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Companionship Exemption Survival Guide for Home Care Agencies

Home care agencies must begin to pay caregivers overtime as of October 13th, 2015. The Final Rule issued by Chief Justice Roberts prohibits third party employers, or home care agencies, from using the federal Companionship Services Exemption and Live-in Domestic Service Employee Exemption. As a result, companion and live-in workers who are classified as employees are now entitled to minimum wage and overtime protections for all hours worked in a given work week.

This blog post has been compiled to act as a 'Survival Guide' for home care agencies who need to quickly comply with the recent removal of the Companionship Exemption. We'll keep this blog post updated as new resources and information comes in. Please post any questions to this blog post and we'll keep the post updated. Keep in mind these are informational resources. Your state laws may differ. Any information on this page should not be substituted for local legal advice.


How ClearCare equips agencies with Overtime Alerts

WEBINAR: Preparing to comply with the Companionship Overtime Exemption

Notable Articles & Resources:

1. What if we didn't charge for Overtime? - by Stephen Tweed, Leading Home Care

2. Home Care Pulse survey responses related to the Companionship Exemption:

[slideshare id=54143591&doc=hcpovertimedata-151019234011-lva1-app6891]

3. LinkedIN discussion group with Overtime-related posts (request to join the group for free is required)

Common Questions:

When will enforcement begin?

The ruling has continued to be challenged -- should I just wait to see if this most recent ruling will stick?

How do I handle clients who are receiving live-in care?

What are strategies to help clients who need more than 40 hours per week?

What if a caregiver works 20 hours for one client and 21 hours for another client - are they entitled to overtime?

How does this law differ from what I need to do to comply with the Affordable Care Act?


Top tips from 3 leading attorneys.

Angelo Spinola, Littler Mendelson

DOL’s New Home Care Rule: Compliance Tips in a New Era for the Home Care Industry, by Angelo Spinola

On August 21, 2015, the United States Court of Appeals for the District of Columbia Circuit upheld the United States Department of Labor's Home Care Rule, which excludes employees of third-party employers from the companionship and live-in domestic service worker exemptions to the FLSA’s overtime and minimum wage requirements. Accordingly, home care employers must now pay overtime or reschedule their employees so that they do not work more than 40 hours in a week. (Note that some states have more stringent overtime requirements.) Below are some key compliance tips to assist in reclassifying home care employees as non-exempt.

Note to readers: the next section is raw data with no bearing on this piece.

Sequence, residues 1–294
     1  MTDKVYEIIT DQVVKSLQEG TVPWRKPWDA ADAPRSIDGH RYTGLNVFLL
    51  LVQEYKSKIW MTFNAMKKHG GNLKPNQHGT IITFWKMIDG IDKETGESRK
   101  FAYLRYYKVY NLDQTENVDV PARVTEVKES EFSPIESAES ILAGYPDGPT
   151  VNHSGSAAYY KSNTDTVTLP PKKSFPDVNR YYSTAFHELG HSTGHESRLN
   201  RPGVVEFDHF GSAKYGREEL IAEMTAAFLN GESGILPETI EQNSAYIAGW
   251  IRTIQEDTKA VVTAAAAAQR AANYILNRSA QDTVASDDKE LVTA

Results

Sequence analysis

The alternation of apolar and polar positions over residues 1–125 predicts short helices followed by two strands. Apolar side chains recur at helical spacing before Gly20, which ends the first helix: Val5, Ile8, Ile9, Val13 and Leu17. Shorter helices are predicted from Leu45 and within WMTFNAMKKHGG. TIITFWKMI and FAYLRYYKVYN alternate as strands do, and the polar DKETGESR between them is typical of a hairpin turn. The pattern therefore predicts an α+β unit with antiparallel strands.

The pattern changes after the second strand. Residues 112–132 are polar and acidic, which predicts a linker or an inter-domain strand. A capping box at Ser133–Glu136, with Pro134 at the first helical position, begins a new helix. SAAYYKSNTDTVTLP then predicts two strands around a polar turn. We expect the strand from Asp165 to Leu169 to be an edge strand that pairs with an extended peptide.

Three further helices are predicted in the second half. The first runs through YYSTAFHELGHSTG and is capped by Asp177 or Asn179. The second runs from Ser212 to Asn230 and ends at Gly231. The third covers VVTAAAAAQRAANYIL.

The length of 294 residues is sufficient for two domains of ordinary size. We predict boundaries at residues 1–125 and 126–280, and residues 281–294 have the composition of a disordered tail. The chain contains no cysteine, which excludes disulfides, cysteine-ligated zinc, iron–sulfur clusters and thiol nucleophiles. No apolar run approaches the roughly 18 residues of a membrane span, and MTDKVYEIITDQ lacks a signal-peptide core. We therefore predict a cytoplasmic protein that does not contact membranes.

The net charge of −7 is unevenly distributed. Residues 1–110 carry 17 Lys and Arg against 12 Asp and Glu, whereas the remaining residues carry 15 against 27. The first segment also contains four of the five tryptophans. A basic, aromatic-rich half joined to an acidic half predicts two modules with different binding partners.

• Communicate any changes to pay to employees, and utilize agreements to memorialize compensation plans. Some states require a certain period of notice before changing rates of pay, so consult with an attorney.
  • Develop a comprehensive compliance program. Include policies covering travel, sleep and meal periods, timekeeping and off-the-clock work and distribute the policies to all employees.
  • Require employees to certify all working time. Timesheets or telephony scripts should include language requiring the employees to confirm that they have reported accurate and complete working time for the workweek. The employee’s certification should be retained in your records.
  • Implement a proper complaint procedure, and clearly communicate the complaint procedure to employees.

Liz Pearson, PB Law

John Gilliland, Gilliland, McGuire, and Harper

Top tips from 3 leading agency owners.

Bob Roth, Cypress Home Care Solutions (Phoenix, AZ)

I have every staff member in my company keeping a time card now, even exempt employees with the new law coming down relative to overtime so at the very least I can track their hours and the employees can't say that they were not paid for the hours that they worked. Other tips we've implemented are:

  • Off-the-Clock Policy: Prohibit managers from requiring, and employees from working,off-the-clock
  • Travel Time Policy: Non-exempt home care aides will need to be paid for travel from one work site to another
  • Sleep Time Policy: Employers can exclude up to 8 hours of sleep time from compensable hours worked for employees working 24 hours or more, if there is an agreement with employees
  • Meal & Rest Break Policy: Reclassified home care aides will now have to take meal and rest breaks in some states


Handling Communications with Caregivers:

Coming soon!


Handling Communications with Clients:

Coming soon!

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